Spain, Naples, and Parma. Charles III (1759–88), regarded as an enlightened despot and the greatest of the Spanish Bourbons, was at first apparently friendly to the Jesuits, though surrounded by ministers who sought their destruction. Among these ministers were the Irishman Richard Wall, Minister of Foreign Affairs; his successor, Marqués de Grimaldi (1763); Manuel de Roda y Arrieta, Minister of Justice; Pedro Campomanés, fiscal; Count Pedro Pablo Aranda, president of the Council of Castile; and José Moniño (Count Florida Blanca), ambassador to Rome. Moreover Charles still received the advice of Bernardo tanucci, who had been his chief minister when he was king of Naples (1738–59), and now served his son, King Ferdinand IV. The queen mother, Elizabeth Farnese, stayed their influence on the king, but after her death (July 10, 1766) Charles acknowledged the Jesuits as the authors of pamphlets urging insurrection, as conspirators for his deposition on the grounds of illegitimate birth, and as the principal opponents to the canonization of Ven. Juan de palafox y mendoza, Bishop of Mexico (d.1659), whose cause Charles favored. In a session of the Extraordinary Council of Jan. 29, 1767, the Jesuits were declared instigators of rebellion and by a royal decree (February 27) were banished from Spain and its colonies. In a letter to Clement (March 31) Charles announced that the reasons for his action were locked in the royal breast; Clement's reply urging clemency and justice was unheeded. On the night of April 2–3 Jesuits were expelled from their houses and hustled into ships to sail to Civitavecchia; their property was voided to the state, and a yearly pension of 100 pesetas, to be forfeited upon leaving the Papal States, was promised to each member of the society. Because of the diplomatic indignity of this act and the impossibility of settling so great a number of exiles (5,100 Jesuits would converge from the ports of Spain; 2,600 of all nationalities from the colonies), the pope's officials refused their embarkation. Under Joseph pignatelli's leadership, the Jesuits settled in Corsica until 1768 when they were received into the Papal States and the cities of northern Italy.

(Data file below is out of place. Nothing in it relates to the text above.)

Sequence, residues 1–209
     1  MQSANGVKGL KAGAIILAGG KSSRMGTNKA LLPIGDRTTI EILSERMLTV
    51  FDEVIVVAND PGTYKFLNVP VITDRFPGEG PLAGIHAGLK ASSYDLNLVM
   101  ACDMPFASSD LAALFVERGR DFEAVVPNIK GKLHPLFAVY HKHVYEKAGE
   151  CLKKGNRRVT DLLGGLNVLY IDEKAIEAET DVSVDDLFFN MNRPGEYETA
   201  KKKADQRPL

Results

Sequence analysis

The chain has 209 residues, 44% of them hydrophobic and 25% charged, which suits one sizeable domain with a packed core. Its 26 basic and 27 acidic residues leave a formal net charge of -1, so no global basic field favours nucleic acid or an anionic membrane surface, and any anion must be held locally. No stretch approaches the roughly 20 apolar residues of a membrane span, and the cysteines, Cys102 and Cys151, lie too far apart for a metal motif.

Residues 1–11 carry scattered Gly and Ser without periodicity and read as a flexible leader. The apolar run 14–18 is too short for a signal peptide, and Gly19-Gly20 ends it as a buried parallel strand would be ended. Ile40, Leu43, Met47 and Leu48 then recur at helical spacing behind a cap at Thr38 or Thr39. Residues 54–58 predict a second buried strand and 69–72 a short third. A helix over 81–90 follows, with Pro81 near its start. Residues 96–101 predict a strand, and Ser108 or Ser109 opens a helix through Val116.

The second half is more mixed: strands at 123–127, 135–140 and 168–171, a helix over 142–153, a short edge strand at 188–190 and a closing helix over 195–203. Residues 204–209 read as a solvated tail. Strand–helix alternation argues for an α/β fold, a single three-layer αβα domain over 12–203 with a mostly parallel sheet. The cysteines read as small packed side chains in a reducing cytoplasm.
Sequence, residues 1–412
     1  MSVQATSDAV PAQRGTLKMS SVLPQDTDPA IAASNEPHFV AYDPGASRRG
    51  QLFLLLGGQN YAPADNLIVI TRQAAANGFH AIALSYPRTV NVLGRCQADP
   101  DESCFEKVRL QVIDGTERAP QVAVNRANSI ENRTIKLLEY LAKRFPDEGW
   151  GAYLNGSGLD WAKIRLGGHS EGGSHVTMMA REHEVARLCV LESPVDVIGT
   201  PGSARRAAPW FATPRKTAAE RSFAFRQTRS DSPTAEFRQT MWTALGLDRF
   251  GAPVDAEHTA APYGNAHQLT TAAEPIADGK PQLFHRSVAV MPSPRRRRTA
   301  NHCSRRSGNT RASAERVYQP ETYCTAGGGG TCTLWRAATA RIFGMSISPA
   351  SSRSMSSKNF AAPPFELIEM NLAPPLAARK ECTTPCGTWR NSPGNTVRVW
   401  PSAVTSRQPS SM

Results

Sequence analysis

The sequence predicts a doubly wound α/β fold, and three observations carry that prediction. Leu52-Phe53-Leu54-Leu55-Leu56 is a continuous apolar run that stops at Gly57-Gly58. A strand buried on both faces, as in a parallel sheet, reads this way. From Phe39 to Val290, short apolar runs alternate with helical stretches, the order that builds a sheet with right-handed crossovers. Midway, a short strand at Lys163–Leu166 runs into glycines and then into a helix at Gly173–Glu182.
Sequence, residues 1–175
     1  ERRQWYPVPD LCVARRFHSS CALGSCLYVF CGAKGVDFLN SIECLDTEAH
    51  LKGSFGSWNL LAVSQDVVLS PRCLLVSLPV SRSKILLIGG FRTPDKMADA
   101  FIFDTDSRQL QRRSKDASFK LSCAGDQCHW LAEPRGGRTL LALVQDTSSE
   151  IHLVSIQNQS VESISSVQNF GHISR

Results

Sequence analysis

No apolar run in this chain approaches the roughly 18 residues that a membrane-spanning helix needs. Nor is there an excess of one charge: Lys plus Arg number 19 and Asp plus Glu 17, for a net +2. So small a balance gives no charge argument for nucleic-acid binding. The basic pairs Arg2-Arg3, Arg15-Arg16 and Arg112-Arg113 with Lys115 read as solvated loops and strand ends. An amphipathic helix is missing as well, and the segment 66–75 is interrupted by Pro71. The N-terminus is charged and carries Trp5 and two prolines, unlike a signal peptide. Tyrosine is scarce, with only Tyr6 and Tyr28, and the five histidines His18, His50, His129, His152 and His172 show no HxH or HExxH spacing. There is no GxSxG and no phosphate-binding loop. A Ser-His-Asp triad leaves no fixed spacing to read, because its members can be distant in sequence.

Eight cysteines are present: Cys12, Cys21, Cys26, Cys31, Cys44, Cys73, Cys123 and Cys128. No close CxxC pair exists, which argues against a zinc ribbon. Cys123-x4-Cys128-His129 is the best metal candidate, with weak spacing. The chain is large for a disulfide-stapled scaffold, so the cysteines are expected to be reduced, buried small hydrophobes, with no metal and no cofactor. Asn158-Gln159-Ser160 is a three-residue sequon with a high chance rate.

Charles's edict was duplicated in the other countries controlled by the Spanish Bourbons. In the name of the young King Ferdinand IV of Naples (1759–1825) the regent Tanucci forbade the reading of the Apostolicum pascendi munus, and on Feb. 8, 1768, issued the decree of expulsion; 1,400 Jesuits were marched over the frontier into the Papal States. Pinto de Fonseca, Grandmaster of the Knights of Malta, a feudatory of Naples, expelled 20 Jesuits from the island, April 23, 1768. On Jan. 16, 1768, François du Tillot, Marquis of Fellino and chief minister of Duke Ferdinand of Parma, Piacenza, and Guastalla (1765–1802), ordered a commission to investigate monastic charters. Clement, as traditional suzerain of the Duchy of Parma, protested in a brief known as the Monitorium, which was rejected, and on February 8 in retaliation 170 Jesuits were exiled. The Bourbon courts supported Parma; France occupied Avignon and Venaissin; Naples invaded Pontecorvo and Benevento. The crisis reached its summit when in January of the next year the ambassadors of France, Spain, and Naples placed a formal demand for the suppression of the society. To forestall action, Clement called a special consistory to decide the fate of the Jesuits, but the day before its scheduled meeting (February 3), an apoplectic stroke ended his trials. He was buried in St. Peter's Basilica and Canova created his funeral monument.